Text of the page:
Identifying how the instructional product can add value to their customer is key. For customer education (e.g. to support a core product) the value is often lower support costs. Or increased customer utility of the product, and an increase in brand value of the product. A great training course should enhance the product in the eyes of our clients’ customers.
Whereas for a stand-alone instructional product (which is core to the organization’s offering), the value can be in generating revenue. Or opening up new markets, and conveying increased market leadership.
Our approach to training is very focused on adding value to the end-user. And adding value to our clients’ product. Teasing out the value to the end-user can significantly help in developing an instructional product.
In our example, classroom teachers can use it to help with classroom management. Often a significant challenge in their daily teaching. With other professions, it can make their work more rewarding. And it also can make them more employable.
While facilitation skills support youth workers in rural and remote communities. Who are currently underserved. So now, being online, it’s very convenient to take the course. And the course is offered more frequently, giving participants more choice.
Who Cares A Lot?
In this step, April Dunford’s process is very insightful. Using the best-fit customer, rather than all customers, also applies to an instructional product. We always encourage our clients to develop a persona to identify their ideal customer. While there’s a tendency to want to appeal to a broad range, a narrow fit is more likely to “land”.
In our example, people in mission-driven organizations working with youth, who are in rural or remote communities, care a lot.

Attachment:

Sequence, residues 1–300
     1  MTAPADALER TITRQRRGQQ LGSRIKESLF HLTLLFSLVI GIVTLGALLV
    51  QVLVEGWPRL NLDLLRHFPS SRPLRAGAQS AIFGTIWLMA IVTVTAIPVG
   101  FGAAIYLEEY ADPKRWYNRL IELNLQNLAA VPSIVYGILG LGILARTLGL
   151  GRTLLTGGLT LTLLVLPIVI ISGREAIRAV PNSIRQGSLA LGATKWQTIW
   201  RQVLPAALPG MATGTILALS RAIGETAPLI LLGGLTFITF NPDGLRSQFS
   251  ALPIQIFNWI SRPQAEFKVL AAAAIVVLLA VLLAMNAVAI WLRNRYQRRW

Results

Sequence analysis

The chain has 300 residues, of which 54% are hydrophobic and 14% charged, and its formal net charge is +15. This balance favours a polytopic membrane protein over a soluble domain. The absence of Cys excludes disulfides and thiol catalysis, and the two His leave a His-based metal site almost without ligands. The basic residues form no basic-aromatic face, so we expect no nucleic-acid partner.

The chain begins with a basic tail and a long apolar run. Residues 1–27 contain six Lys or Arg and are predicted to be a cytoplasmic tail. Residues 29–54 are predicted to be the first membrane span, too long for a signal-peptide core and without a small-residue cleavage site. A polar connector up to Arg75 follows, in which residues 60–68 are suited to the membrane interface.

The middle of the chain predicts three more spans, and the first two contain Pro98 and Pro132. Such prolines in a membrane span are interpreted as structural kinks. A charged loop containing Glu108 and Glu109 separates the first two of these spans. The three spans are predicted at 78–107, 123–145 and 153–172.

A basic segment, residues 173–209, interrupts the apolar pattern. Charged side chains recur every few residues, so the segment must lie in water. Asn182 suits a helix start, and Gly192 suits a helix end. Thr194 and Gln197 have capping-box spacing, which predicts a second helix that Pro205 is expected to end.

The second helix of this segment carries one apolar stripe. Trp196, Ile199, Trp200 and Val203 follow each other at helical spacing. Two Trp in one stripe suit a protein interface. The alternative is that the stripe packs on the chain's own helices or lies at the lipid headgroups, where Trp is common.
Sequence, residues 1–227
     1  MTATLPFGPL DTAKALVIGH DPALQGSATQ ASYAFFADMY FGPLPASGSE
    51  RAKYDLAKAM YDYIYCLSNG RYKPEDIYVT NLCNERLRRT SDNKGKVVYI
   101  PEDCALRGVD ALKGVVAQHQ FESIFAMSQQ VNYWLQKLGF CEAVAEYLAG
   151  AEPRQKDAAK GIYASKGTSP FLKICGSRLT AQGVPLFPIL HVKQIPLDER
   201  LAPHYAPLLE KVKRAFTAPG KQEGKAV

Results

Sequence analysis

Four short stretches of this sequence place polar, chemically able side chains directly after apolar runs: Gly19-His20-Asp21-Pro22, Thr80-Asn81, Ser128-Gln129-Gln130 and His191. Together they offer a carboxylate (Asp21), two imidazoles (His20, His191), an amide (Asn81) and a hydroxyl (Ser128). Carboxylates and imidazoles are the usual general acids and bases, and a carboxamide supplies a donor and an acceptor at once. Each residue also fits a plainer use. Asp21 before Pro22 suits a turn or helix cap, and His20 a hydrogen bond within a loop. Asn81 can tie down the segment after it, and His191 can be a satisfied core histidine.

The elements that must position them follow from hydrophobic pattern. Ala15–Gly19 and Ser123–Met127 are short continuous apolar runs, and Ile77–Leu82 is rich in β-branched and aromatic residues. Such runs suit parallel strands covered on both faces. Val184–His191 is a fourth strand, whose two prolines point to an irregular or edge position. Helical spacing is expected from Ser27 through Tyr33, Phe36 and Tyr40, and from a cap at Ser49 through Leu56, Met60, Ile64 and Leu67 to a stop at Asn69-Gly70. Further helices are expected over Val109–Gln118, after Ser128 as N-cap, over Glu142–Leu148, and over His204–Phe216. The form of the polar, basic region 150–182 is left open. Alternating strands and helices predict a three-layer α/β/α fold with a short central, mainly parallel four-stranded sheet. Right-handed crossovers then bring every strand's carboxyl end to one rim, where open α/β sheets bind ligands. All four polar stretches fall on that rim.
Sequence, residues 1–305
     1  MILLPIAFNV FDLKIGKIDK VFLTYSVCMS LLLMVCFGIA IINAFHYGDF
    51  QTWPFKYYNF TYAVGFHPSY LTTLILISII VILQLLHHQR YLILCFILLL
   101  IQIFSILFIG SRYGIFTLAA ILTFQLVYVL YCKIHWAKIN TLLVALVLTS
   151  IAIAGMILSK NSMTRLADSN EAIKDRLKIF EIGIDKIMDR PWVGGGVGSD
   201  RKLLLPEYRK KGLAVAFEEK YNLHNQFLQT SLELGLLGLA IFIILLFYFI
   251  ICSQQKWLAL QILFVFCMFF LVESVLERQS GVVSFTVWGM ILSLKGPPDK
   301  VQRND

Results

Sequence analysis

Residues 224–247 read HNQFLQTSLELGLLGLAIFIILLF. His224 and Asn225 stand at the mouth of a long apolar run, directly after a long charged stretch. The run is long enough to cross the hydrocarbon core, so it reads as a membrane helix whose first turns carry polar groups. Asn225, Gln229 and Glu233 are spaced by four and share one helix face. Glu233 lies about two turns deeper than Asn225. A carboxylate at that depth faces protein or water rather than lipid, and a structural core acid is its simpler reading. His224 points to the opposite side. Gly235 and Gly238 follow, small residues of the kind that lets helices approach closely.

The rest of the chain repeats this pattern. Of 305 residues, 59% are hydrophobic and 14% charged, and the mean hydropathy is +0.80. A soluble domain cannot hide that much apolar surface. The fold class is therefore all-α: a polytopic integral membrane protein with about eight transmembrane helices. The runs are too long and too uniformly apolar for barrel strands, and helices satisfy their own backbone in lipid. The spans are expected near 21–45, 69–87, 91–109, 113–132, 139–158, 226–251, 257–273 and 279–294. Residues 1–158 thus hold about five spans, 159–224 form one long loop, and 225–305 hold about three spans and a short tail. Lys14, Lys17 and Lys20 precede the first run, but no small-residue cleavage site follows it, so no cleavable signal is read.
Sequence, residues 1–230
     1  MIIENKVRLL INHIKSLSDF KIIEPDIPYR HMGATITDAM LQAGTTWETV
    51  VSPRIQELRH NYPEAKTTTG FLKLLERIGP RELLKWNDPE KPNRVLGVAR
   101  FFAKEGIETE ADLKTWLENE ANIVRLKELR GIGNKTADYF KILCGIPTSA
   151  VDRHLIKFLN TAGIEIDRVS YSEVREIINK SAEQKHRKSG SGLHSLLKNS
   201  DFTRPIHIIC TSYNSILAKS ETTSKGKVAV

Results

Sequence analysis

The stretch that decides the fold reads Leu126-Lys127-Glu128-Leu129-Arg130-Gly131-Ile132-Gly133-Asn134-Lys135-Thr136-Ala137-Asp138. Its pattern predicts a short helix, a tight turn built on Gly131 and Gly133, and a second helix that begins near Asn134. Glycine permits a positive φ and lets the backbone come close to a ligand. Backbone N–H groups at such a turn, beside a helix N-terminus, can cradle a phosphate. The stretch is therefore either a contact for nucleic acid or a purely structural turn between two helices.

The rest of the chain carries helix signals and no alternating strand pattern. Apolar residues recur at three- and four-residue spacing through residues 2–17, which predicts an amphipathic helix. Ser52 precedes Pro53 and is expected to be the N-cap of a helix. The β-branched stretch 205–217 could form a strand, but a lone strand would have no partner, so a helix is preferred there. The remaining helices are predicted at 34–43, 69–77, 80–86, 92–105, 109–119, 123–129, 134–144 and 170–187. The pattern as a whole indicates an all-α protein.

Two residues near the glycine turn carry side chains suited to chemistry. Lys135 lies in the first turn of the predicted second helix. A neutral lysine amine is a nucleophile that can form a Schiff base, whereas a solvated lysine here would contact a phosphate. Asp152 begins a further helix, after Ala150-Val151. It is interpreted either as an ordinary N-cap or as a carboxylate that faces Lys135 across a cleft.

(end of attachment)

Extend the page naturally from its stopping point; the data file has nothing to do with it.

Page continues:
Market Category (Frame of Reference)
This is the step in the April Dunford process, that I’ve found to be the hardest to identify for instructional products. And in many ways, it depends on the specifics of the course. As well as the current positioning of our client. Yet, April’s section on Market Category is going to be the most important as we think about the instructional products we develop.
In our example, we decided on youth facilitation skills, as the market category. Do you agree? Or would you suggest something else? We’d love to get your thoughts.
Relevant Trends – the Last Step in the April Dunford Process
With some of our clients, it’s clear that there is urgency supporting the roll-out of an instructional product. But for many, it’s not clear, and for some the urgency the client feels, isn’t felt by their potential customer.
In our youth facilitation skills example, relevant trends that help support the roll-out of the program
- are the increase in remote working, and
- the Covid-19 pandemic and how social distancing has created an increasing trend towards online courses.
In Summary – April Dunford and Obviously Awesome
April Dunford’s book Obviously Awesome is certainly that! It takes a traditional marketing topic and provides a new perspective on positioning and how to do it right. Not only that but April Dunford does it in a clear, fun, and engaging way. This is an easy read but packed with lots of thoughtful insight that can be practically applied. And it applies in a variety of sectors.
At Spark + Co., we are using the Obviously Awesome process that April Dunford has created. They are helping improve the instructional products and eLearning courses we create. If you’re not convinced to go and buy the book yet then here’s a great talk by April Dunford to further whet your appetite.